Trademarks are territorial in nature. That is, a U.S. federal trademark applies across the U.S. only. Similarly, a trademark obtained from one of the U.S. states applies in that state only. Therefore, for trademark protection in other countries, a trademark application must be filed in each country. Fortunately, the U.S. is part of several treaties—chiefly, the Madrid Protocol which covers over 100 countries—that streamline and centralize the process for filing in multiple countries via a single “international application.” An applicant that files under the Madrid Protocol selects the countries (or, in some instances, group of countries such as the European Union) in which it seeks trademark protection and pays fees based on the selected countries. Once filed, the international application is examined by the government of each of the selected territories for registration within that territory.
Fundamentals of Trademark Law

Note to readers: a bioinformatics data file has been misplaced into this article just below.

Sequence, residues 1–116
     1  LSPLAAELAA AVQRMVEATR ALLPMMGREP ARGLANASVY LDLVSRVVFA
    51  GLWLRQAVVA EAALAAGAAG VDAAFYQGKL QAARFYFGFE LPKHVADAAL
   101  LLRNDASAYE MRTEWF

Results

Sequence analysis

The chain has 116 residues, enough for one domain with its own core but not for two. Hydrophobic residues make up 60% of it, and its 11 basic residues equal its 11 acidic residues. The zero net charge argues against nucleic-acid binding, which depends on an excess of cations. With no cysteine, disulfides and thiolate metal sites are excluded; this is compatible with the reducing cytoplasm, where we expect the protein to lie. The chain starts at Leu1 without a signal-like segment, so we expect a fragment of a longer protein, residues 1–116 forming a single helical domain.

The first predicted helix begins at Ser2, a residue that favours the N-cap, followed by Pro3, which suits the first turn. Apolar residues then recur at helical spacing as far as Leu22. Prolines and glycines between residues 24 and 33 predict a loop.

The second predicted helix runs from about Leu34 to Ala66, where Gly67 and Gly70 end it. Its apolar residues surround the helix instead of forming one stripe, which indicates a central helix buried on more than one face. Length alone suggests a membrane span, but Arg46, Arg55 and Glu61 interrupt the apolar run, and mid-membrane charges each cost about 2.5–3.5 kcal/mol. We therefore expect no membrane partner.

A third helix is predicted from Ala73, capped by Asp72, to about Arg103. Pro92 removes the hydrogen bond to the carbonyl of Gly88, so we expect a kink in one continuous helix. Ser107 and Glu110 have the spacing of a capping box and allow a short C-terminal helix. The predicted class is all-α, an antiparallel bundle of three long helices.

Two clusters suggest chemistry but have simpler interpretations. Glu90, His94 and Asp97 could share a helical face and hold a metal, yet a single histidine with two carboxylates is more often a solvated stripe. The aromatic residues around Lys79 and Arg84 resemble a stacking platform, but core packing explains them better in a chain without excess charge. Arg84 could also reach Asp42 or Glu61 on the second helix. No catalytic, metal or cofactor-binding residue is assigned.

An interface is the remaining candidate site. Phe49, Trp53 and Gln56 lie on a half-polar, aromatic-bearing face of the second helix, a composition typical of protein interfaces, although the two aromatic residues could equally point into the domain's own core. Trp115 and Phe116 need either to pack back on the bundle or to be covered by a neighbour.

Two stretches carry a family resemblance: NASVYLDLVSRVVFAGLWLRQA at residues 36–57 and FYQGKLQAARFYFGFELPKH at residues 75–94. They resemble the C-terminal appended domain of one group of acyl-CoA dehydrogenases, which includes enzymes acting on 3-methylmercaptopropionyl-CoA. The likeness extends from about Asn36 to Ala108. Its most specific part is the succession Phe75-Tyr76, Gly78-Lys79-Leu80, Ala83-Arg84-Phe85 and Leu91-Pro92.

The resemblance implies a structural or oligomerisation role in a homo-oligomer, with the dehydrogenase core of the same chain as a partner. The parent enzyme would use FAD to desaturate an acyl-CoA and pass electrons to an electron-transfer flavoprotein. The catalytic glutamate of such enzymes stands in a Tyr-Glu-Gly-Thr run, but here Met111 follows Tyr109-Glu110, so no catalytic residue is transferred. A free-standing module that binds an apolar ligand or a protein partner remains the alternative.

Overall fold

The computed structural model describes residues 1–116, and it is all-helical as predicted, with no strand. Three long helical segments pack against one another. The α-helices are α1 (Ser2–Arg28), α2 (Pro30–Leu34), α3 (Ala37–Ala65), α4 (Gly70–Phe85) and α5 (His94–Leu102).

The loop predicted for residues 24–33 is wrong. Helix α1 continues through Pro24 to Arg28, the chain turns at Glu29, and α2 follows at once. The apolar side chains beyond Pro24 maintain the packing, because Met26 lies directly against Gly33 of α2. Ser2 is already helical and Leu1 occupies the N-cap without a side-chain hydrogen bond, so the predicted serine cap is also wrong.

A trademark is a word, symbol, slogan, or other identifier that identifies the source of a good or service in the marketplace. Trademarks are protected by law to prevent others from copying the source-identifying mark. This protection benefits a potential consumer by allowing the consumer to recognize a product or service as originating from a particular producer. In other words, trademarks allow a consumer to quickly associate a product with the company that produced it and make a purchasing decision based on prior experience with that company or product. Likewise, trademark protection benefits a producer by allowing a company to protect its investment in its reputation. If a company works hard and puts resources into providing a consistent and superior product, trademark law allows that company to prevent others from using its trademarks and selling products based on the trademark owner’s good reputation.
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